APRIL 2012
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Ayurveda

Ayurveda’s Seasonal Wisdom in Florida – Has Spring Sprung?

DENISE O’DUNN

By DENISE O’DUNN,
CAP, LMT, E-RYT500

 

“Spring has sprung” is a fun alliteration, but the season didn’t really “spring” up on us. That would imply a clearly defined state of exiting one season and being firmly established in the next. Here, in Florida, we experience a more subtle transition from summer’s lush coverage to the trees losing leaves and then blooming. It is not as defined as the northern cycle of autumn to winter to spring. It’s not only subtle; it is inconsistent and seems to have a back-and-forth seasonal effect. We live in a place where the weather fluctuates in such a way that it seems to be a different season each day. This is apparent by looking at the condition of our trees as they are still losing leaves while they are blooming, spreading clouds of pollen and sprouting new leaves.

Ayurveda, the science of life, encourages us to be present and notice the subtle shifts that transpire in nature. When we are aware of these ongoing changes, it is less likely that we will be caught off guard and thrown out of balance. The best way to apply the “seasonal” wisdom of Ayurveda in Florida is to look at today’s weather – and tomorrow’s forecast. Is it cool to cold and dry? That’s Vata, the Dosha or dynamic force of ether and air. When the day will be warm to hot and humid, that’s Pitta, the Dosha of fire and water. If the weather calls for cool and wet, that’s Kapha, the Dosha of water and earth. We can make appropriate decisions to maintain our personal balance when we are aware of the current Doshic influences, called Vikriti. So, the Vikriti of the day includes the influences of the weather.

Everywhere in the Northern Hemisphere, it is spring and so everywhere north of the Tropic of Cancer, it is pollen season! The air is alive with the purposeful explosion of pollen from the variety of trees, plants, grasses and flowers that are blooming. According to Doshic principles, pollen is primarily Pitta. Pollen carries Pitta’s aggressive nature and irritating potential. The concentrations of pollen can be so high that even with no known allergies, everyone can be affected by pollen according to their Doshic nature or Prakriti. If we are a dominate Vata type, our response to pollen may be sneezing, itchy eyes, wheezing or interrupted sleep. If Pitta is our dominate Dosha, Pitta will increase causing watery eyes, nasal discharge, inflamed or infected sinuses, and may be associated with fever or headaches. With Kapha dominance, pollen will influence our congestive nature with sinus congestion, swollen mucous membranes, deeper chest congestion or sluggish energy.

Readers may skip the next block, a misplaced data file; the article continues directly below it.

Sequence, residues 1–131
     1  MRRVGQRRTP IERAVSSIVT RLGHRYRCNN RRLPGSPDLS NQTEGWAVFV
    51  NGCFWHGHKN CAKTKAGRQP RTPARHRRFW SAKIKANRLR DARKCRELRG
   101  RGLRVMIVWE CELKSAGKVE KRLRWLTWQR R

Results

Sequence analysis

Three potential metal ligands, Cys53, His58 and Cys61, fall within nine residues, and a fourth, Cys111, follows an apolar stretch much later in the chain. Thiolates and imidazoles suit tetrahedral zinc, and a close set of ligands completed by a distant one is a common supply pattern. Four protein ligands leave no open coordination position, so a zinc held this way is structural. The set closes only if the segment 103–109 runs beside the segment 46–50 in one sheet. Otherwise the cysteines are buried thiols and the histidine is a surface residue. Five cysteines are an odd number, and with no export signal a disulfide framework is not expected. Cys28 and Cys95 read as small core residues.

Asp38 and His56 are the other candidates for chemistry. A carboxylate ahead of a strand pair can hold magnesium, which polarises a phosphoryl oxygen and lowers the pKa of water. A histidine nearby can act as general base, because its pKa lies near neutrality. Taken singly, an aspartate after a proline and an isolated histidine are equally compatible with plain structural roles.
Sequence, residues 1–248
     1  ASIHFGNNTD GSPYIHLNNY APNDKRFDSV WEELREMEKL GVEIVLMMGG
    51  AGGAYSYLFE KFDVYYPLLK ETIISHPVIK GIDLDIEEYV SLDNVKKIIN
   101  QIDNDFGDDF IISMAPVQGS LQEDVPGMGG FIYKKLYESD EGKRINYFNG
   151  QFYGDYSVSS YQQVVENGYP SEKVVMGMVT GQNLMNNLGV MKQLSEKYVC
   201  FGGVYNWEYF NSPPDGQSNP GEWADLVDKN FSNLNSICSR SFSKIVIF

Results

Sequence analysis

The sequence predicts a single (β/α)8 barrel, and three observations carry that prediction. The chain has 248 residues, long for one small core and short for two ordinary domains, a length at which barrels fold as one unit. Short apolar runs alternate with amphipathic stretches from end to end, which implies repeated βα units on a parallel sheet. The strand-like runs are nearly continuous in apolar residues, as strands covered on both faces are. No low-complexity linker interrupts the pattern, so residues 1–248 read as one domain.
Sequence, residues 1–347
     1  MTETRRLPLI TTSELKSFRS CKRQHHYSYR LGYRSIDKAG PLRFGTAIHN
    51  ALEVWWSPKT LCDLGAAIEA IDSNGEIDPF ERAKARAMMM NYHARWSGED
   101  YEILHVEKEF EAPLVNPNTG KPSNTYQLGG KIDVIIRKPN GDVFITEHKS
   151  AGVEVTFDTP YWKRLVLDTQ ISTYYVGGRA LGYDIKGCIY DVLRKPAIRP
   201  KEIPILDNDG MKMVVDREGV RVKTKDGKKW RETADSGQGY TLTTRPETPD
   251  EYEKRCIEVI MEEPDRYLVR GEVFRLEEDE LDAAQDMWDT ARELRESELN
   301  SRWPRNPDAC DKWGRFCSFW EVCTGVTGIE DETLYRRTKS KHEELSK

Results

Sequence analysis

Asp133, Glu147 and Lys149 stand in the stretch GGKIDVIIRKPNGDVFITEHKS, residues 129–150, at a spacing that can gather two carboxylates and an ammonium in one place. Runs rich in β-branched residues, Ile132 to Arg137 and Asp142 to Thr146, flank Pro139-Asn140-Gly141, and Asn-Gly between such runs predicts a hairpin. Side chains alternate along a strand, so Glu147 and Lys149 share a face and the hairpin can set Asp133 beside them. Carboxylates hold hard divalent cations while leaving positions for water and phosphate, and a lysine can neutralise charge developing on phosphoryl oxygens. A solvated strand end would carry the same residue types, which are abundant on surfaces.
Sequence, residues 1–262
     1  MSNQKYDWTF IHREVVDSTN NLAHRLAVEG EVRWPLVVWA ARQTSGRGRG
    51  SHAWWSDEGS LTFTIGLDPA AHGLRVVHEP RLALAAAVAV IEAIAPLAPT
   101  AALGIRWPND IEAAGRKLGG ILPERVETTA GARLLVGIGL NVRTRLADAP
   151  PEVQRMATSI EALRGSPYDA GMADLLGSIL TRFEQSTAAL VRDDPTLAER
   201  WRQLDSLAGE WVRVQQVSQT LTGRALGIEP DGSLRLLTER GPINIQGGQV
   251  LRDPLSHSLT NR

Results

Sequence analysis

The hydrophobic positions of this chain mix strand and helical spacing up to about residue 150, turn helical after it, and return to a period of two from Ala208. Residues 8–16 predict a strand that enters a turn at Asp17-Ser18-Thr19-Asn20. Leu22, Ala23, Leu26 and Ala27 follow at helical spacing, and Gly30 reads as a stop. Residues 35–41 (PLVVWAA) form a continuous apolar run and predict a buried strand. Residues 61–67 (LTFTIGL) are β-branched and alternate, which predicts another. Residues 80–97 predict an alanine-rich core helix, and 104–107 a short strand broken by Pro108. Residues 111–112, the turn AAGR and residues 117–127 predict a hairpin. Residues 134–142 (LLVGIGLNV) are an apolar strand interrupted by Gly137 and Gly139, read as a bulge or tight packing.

Whether our response to pollen manifests as Vata, Pitta or Kapha symptoms -- or a combination of each, a common thread between them is the excess mucous (Kapha) created by the body to help soothe the irritated linings of our nasal passages, sinuses, throat, lungs and even your stomach. Ayurveda works on a basic principle that opposite actions contribute to greater balance. To decrease the effects of Pitta pollen and balance the system, we use cleansing, cooling and calming measures.

A traditional Ayurvedic recommendation for addressing pollen season is the practice of neti. Neti is the act of rinsing your nasal passages and sinuses with a saline solution of warm purified water and sea salt, equal to the normal saline of tears. With the use of a specially designed neti pot, the solution is poured into one nostril and drains out through the other. It is not recommended to use the neti pot if a sinus infection is suspected. Another form of neti is the simple act of swabbing your nostrils with a cotton tip dipped in rose hydrosol or rosewater. The gently cleansing and soothing application of rosewater to your nasal passages can be part of Dincharya, your daily cleansing routine.

With awareness and the ways of Ayurveda, you can experience balance and bliss in this blossoming time of year!

Disclaimer: This article was written for educational purposes only and is based on the tradition of Ayurveda. It is not intended to treat, diagnose, prescribe or heal any health condition or to replace standard medical treatment or advice.

Denise O’Dunn, president and founder of Balance & Bliss Inc., is a certified Ayurvedic Practitioner, Licensed Massage Therapist (ma58502) and yoga teacher. She received her degree in Ayurveda from the Florida Vedic College and is a professional member of the National Ayurvedic Medical Association. She can be reached at balanceandbliss@gmail.com or visit www.balanceandbliss.com

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